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MSN Messenger users: Fatso, Kelvir not your buddies

The worms use MSN Messenger to spread. Don't use it in the enterprise? You could still be at risk.

If you use MSN Messenger, beware of Fatso and Kelvir.

Tokyo-based antivirus firm Trend Micro has issued a "medium-risk" alert for these worms, known specifically as Fatso-A and Kelvir-B. Both have been using the popular instant messaging tool to spread, mostly in Asia and the United States as of Monday afternoon.

"If one user is infected, they try to send a message to everyone in the MSN Messenger list," said Joseph Hartmann, Trend Micro's director of AV research. He said the worms aren't causing as much trouble for enterprises as last week's multi-variant Bagle outbreak because MSN Messenger isn't as widely used in the corporate environment. But there's still reason for IT professionals to pay attention:

"The source code these worms are based on is out there for the underground to pick away at, so we can expect more activity in the future," Hartmann said.

Both worms affect Windows 95, 98, ME, NT, 2000 and XP, the firm said.

How they spread
Though Trend Micro doesn't believe the worms are related, it said both will send users an instant message with links to Web sites where users unknowingly download bots. These bots could then hijack users' computers and open backdoors on the network.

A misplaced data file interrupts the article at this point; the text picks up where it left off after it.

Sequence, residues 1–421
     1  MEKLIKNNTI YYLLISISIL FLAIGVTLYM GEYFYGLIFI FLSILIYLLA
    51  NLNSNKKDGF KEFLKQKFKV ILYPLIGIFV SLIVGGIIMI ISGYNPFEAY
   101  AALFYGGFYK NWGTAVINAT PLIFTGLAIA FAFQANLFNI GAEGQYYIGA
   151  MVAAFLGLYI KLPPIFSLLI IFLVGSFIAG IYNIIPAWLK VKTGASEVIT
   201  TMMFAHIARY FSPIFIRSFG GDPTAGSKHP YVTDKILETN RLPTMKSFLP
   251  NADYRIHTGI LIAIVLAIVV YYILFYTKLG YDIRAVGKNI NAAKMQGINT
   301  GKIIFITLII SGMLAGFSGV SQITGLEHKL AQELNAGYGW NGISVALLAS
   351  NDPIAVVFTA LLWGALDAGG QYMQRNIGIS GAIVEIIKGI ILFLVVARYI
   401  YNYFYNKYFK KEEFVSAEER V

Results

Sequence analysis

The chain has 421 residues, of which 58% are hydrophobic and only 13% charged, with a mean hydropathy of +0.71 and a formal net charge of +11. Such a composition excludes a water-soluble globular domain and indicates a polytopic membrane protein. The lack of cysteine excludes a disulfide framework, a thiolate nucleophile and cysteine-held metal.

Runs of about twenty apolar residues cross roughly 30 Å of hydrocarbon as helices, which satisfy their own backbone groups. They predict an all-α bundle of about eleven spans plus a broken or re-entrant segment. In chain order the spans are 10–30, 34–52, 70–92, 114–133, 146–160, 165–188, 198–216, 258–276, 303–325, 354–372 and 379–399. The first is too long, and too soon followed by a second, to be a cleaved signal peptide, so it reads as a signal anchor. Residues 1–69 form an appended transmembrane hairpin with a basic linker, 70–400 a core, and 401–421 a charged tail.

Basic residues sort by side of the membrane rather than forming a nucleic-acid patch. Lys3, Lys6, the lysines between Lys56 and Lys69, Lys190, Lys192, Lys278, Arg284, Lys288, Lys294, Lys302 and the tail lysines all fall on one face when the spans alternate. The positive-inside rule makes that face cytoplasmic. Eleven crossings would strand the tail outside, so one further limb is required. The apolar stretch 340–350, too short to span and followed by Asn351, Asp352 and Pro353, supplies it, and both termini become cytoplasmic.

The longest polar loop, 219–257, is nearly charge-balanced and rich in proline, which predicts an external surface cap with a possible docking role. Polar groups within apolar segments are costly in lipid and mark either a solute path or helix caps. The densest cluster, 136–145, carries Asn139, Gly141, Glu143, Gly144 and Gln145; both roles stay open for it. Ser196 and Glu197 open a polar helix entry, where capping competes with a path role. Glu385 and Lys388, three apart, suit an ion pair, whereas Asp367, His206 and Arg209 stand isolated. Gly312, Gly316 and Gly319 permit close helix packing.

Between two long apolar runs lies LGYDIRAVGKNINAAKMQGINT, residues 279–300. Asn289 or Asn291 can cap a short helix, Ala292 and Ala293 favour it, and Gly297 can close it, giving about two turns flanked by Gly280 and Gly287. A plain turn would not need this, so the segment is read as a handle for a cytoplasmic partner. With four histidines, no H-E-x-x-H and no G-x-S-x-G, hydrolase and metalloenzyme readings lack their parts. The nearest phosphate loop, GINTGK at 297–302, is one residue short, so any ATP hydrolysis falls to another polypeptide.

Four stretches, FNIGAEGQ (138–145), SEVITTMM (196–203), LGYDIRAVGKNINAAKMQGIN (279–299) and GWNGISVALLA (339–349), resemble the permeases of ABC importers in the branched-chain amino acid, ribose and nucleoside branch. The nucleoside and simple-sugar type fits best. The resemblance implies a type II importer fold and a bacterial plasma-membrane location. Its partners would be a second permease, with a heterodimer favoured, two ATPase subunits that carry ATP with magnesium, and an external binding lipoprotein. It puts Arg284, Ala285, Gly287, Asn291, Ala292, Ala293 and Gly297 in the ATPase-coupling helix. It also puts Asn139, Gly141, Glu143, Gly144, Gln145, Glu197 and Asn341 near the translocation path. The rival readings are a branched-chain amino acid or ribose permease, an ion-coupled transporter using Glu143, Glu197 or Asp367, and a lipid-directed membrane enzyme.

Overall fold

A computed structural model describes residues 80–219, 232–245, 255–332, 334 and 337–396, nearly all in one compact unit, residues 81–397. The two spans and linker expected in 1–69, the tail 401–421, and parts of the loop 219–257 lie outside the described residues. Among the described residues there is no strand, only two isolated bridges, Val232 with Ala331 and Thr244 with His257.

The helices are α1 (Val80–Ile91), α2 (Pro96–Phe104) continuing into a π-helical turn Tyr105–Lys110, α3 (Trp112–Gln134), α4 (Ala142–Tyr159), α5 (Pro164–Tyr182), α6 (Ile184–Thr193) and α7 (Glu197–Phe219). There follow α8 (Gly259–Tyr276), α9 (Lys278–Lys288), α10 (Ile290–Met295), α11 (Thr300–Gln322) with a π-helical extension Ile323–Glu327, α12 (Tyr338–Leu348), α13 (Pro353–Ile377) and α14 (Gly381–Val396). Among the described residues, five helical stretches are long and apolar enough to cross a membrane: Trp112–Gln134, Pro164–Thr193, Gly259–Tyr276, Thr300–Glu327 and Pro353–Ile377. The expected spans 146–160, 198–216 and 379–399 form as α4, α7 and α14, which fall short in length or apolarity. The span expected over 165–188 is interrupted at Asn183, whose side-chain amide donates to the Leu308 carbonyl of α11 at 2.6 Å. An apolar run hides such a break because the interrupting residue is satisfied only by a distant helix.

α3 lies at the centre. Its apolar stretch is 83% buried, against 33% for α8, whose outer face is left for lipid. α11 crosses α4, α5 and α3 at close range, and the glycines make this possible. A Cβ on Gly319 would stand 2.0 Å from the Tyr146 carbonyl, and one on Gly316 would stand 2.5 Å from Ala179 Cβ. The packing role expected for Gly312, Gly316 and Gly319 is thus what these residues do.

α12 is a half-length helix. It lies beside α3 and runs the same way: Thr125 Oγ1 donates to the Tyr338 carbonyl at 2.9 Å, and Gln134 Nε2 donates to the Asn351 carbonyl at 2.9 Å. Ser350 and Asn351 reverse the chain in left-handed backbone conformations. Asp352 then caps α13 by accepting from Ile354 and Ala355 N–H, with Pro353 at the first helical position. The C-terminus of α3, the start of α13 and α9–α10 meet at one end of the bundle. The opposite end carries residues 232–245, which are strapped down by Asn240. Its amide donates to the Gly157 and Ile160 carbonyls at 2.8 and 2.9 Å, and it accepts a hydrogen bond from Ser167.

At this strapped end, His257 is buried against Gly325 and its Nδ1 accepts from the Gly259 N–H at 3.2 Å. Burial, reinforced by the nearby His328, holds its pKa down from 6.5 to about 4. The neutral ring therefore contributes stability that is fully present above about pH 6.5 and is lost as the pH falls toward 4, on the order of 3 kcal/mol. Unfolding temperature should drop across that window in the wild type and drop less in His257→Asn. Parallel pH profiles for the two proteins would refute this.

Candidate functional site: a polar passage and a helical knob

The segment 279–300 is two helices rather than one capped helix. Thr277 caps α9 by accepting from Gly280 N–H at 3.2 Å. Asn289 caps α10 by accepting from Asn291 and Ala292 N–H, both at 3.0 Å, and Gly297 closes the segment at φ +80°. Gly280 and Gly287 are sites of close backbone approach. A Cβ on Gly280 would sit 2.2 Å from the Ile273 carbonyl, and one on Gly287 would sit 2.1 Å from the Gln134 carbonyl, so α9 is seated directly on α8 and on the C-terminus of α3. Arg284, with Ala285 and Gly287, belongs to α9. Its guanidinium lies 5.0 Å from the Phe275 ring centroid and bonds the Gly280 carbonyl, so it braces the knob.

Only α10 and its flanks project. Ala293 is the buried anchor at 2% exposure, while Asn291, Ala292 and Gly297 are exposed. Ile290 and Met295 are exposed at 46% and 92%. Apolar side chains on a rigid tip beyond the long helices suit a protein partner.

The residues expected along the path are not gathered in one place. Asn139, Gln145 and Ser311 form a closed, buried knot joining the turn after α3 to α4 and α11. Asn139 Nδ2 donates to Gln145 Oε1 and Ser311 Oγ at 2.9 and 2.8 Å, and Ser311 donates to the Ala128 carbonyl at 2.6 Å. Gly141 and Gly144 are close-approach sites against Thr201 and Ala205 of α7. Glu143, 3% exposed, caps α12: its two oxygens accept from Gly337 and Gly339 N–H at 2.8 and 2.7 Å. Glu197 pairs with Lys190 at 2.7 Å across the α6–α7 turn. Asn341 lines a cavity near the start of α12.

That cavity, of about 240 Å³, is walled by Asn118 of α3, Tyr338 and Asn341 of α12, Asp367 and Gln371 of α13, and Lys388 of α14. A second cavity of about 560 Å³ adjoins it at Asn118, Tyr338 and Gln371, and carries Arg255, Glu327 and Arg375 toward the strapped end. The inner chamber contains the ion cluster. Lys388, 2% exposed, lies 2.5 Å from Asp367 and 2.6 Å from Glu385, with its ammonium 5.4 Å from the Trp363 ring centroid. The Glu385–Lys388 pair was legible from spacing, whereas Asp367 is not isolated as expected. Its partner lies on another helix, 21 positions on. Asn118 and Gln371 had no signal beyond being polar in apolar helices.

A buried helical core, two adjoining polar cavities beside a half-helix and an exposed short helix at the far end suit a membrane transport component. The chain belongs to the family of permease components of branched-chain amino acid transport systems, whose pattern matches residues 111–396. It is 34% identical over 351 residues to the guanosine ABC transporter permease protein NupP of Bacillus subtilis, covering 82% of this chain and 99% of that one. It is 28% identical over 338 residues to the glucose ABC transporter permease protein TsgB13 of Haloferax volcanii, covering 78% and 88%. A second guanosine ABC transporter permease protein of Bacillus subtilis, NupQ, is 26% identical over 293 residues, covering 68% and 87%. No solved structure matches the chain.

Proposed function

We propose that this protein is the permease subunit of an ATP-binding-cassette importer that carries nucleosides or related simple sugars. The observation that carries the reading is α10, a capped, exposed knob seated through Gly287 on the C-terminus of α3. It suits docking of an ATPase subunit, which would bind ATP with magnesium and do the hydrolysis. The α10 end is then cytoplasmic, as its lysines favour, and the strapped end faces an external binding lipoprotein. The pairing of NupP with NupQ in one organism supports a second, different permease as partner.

Both are memory-resident worms that copy themselves to all online MSN Messenger contacts on the infected system. The outgoing instant message contains a link to one or more Web sites. When the recipient clicks on the link, a copy of the worm is downloaded on their system.

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Fatso-A can also spread using eMule, a peer-to-peer (P2P) file sharing application, Trend Micro said.

The files Fatso-A drop incorporate names of celebrities -- "Fat Elvis! Lol.pif" and "Jennifer Lopez.scr" -- or sexually explicit titles -- "How a Blonde Eats a Banana.pif" and "Topless in Miniskirt!lol.pif."

One of the files is a text file with a personal message to "Larissa," creator of the Assiral-A worm, which first appeared last month and was designed to kill off variants of another MSN Messenger-based worm, Bropia.

Assiral-A arrived as an e-mail attachment and displayed the following text on infected machines: "Larissa -- Anti-Bropia -- Freeing the world of Bropia."

Fatso-A's message to Larissa reads:

"Hey LARISSA f**k off, you f**king n00b!.. Bla bla to your f**king Saving the world from Bropia, the world n33ds saving from you!"


While it's very similar to Fatso-A, Trend Micro noted that Kelvir-B also drops a backdoor program called Worm.Sdbot-AUK on infected machines.

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